Three Carnegie Mellon Alumni
Named Fulbright Scholars
Scholarships Fund Research and Creative Projects in Switzerland, India and Finland
PITTSBURGH—The U.S. Student Fulbright Program has named three recent Carnegie Mellon University graduates 2009 Fulbright Scholars.
"The Fulbright is a highly competitive, prestigious award," said Stephanie Wallach, assistant vice provost for undergraduate education. "It is a particularly good match with our Carnegie Mellon students, because it supports candidates with diverse discipline interests, ranging from the arts and humanities to the sciences."
The program, sponsored by the U.S. Department of State, is the largest U.S. international exchange program offering opportunities for students to undertake international graduate study, advanced research and English teaching assistantships worldwide.
Gregory Newby, who received a bachelor's degree in biological sciences in 2009, will conduct research at the Biochemistry Institute of the University of Zurich in Switzerland. He will be working in the laboratory of Professor Andreas Plückthun to create a molecular, fluorescent sensor to monitor protein modifications made inside living cells. Newby said information from this sensor "would help us to find differences in the proteins that are present in normal human cells versus cancerous or infected cells, and may provide new targets for therapy."
Ally Reeves, a 2008 graduate of Carnegie Mellon's Master of Fine Arts program, will conduct research and create installation art in Mumbai, India, in collaboration with Partners for Urban Knowledge, Action and Research (PUKAR), an initiative that contributes to global debate about urbanization and globalization. Her work will examine the visual representation of street vendors in popular media from the 19th century to today.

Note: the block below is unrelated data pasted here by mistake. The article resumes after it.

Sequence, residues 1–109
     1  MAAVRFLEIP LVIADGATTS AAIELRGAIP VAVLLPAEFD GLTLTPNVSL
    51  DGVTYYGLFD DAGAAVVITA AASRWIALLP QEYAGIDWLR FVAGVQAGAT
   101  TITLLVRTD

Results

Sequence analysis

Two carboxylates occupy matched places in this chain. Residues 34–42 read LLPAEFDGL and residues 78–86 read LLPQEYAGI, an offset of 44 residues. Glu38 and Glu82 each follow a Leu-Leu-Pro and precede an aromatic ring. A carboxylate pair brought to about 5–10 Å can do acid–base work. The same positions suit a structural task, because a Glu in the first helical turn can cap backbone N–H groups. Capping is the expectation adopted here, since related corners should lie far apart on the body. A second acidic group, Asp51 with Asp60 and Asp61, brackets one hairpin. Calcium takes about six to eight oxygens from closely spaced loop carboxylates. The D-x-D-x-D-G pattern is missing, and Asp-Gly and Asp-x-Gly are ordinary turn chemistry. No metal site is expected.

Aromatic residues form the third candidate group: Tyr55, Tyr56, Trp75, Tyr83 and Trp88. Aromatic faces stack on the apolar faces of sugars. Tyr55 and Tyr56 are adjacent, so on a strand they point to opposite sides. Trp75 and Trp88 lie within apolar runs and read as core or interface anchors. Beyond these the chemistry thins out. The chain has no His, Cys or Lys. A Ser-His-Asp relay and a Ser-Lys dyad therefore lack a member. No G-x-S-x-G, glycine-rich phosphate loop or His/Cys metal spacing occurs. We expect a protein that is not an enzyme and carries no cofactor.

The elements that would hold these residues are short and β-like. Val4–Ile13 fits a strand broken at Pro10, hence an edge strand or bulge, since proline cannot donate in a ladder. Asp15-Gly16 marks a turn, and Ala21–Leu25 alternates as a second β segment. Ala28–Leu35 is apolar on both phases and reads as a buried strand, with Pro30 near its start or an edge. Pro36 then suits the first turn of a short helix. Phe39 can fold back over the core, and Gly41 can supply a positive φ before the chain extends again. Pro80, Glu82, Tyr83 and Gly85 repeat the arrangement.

"The timing for this body of research and creation is important," Reeves said. "Between now and 2020, the restructuring of Mumbai as part of the city's Vision 2020 endeavor to turn Mumbai into a 'world-class city' will clear streets of vendors, construct uniform vending stalls and create standards for how street hawkers conduct business. This will undoubtedly change the way street hawkers live and work in Mumbai, potentially having affects that will ripple through all of India."
Julia Stein, a 2008 graduate of Carnegie Mellon's Bachelor of Humanities and Arts program, will pursue several artistic endeavors in Helsinki, Finland. She will enroll in the Master of Arts Degree Programme in Live Art and Performance Studies at Theatre Academy Helsinki.
Stein also plans to serve as an art therapist's assistant and produce a film in collaboration with several Finnish artists. "I will be creating a series of site-specific performances and performances in fabricated environments derived from comics that, filmed, will create a narrative about a Finnish woman's inner and exterior worlds," she said.
For more information about these scholarship recipients, visit Carnegie Mellon's Fellowships and Scholarships Office Web site at www.cmu.edu/fso.